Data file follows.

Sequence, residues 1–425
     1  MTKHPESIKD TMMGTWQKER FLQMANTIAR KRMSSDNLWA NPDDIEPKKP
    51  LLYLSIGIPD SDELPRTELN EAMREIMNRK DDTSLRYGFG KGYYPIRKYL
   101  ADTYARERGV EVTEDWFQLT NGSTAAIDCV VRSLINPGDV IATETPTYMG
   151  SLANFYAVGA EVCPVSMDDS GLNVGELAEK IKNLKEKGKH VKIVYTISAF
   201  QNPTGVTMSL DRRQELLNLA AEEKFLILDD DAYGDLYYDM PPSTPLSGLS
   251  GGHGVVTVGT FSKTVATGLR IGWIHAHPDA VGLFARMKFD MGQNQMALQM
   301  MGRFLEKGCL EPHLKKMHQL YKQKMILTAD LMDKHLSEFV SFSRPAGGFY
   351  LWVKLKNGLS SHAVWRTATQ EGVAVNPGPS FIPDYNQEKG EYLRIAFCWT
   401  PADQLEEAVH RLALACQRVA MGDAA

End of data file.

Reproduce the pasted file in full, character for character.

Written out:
Sequence, residues 1–425
     1  MTKHPESIKD TMMGTWQKER FLQMANTIAR KRMSSDNLWA NPDDIEPKKP
    51  LLYLSIGIPD SDELPRTELN EAMREIMNRK DDTSLRYGFG KGYYPIRKYL
   101  ADTYARERGV EVTEDWFQLT NGSTAAIDCV VRSLINPGDV IATETPTYMG
   151  SLANFYAVGA EVCPVSMDDS GLNVGELAEK IKNLKEKGKH VKIVYTISAF
   201  QNPTGVTMSL DRRQELLNLA AEEKFLILDD DAYGDLYYDM PPSTPLSGLS
   251  GGHGVVTVGT FSKTVATGLR IGWIHAHPDA VGLFARMKFD MGQNQMALQM
   301  MGRFLEKGCL EPHLKKMHQL YKQKMILTAD LMDKHLSEFV SFSRPAGGFY
   351  LWVKLKNGLS SHAVWRTATQ EGVAVNPGPS FIPDYNQEKG EYLRIAFCWT
   401  PADQLEEAVH RLALACQRVA MGDAA